Chilean President Michelle Bachelet said her administration is looking to update its 2002 trade pact with the European Union, rather than prioritize a free-trade agreement with the post-Brexit U.K.
“We were the first country in Latin America to sign a free-trade agreement with the European Union and following agreements with other countries have incorporated positive advances,” Bachelet said in an interview in Santiago Friday. “So our fundamental effort right now is to update it.”
U.K. Prime Minister Theresa May has said that Britain, once free from the shackles of the EU, will sign free-trade accords with countries around the world, pitching the nation as a champion of globalization in a speech in Davos, Switzerland last week. Chile, which has trade pacts with more than 40 countries, would be a prime candidate. Still, Bachelet indicated that Chile was in no rush.
“Brexit has a two-year time span,” Bachelet said. “There’s time to see how we’ll continue our relationship. We have very good historic, political, diplomatic and economic relations with the U.K.”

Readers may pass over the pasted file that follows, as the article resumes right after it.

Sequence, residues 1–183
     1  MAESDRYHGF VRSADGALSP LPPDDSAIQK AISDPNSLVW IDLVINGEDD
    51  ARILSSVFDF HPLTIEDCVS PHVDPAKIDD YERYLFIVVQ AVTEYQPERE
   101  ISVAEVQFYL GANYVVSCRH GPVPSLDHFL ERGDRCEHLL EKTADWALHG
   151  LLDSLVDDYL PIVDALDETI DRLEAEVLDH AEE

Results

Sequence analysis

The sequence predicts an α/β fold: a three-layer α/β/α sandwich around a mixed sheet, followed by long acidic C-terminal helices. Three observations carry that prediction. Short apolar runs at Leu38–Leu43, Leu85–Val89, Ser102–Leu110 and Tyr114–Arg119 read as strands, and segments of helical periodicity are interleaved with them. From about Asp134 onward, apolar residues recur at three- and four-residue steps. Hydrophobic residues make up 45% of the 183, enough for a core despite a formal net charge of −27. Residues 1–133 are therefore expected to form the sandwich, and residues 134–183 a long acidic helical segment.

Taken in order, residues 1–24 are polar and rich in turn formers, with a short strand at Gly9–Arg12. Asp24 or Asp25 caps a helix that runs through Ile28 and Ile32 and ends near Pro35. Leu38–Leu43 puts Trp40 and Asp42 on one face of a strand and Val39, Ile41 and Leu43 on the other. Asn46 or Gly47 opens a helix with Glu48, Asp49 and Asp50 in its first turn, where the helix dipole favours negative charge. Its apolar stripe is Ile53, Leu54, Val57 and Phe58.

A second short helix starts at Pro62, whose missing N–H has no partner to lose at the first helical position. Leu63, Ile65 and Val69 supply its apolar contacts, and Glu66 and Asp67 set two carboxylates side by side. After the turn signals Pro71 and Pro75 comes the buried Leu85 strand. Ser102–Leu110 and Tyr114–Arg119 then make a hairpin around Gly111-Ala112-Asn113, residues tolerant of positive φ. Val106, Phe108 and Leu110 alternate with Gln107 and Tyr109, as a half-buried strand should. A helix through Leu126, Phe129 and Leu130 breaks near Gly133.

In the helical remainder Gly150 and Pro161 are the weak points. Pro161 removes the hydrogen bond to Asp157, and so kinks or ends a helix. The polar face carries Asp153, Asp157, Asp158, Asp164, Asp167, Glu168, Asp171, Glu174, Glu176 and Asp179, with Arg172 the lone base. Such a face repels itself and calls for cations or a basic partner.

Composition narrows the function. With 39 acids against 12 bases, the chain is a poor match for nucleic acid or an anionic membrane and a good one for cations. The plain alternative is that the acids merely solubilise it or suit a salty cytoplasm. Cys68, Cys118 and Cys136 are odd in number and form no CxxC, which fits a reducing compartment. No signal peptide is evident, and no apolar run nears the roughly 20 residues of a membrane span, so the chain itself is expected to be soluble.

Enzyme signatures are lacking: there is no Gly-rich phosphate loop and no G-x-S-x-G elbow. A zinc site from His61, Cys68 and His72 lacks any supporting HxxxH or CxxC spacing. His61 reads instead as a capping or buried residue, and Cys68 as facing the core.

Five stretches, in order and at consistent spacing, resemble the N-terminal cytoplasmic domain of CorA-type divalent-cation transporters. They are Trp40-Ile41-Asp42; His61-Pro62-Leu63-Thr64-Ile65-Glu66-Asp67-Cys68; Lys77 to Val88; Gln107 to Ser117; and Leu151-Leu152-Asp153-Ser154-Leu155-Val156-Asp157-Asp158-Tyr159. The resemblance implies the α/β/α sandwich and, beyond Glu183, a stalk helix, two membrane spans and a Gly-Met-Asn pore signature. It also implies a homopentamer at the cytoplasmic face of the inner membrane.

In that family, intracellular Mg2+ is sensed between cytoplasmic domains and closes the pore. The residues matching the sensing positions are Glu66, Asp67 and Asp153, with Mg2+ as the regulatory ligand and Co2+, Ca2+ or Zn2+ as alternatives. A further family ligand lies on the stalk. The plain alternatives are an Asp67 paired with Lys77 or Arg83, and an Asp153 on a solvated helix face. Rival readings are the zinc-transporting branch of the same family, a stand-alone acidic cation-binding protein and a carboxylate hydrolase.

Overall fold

The EU is Chile’s third-largest trade partner, comprising 14.4 percent of Chile’s total exports and imports in 2015, according to data from the European Commission. At the same time, the EU is Chile’s biggest foreign investor, accounting for 27.8 percent of foreign direct investment flows into the country.
Chile has signed the trade pacts since returning to the international fold with the end of Augusto Pinochet’s dictatorship in 1990. Its largest trading partner is now China, to which it exports hundreds of thousands of tons of copper, much of which is then used in manufactured goods exported to the U.S. At his inaugural address Friday, President Donald Trump pledged to put America first in any future trade talks. That could leave Chile’s economy vulnerable.
“No one would benefit from a trade war between China and the U.S.,” Bachelet said. “I believe it would generate enormous uncertainty and volatility in the world.”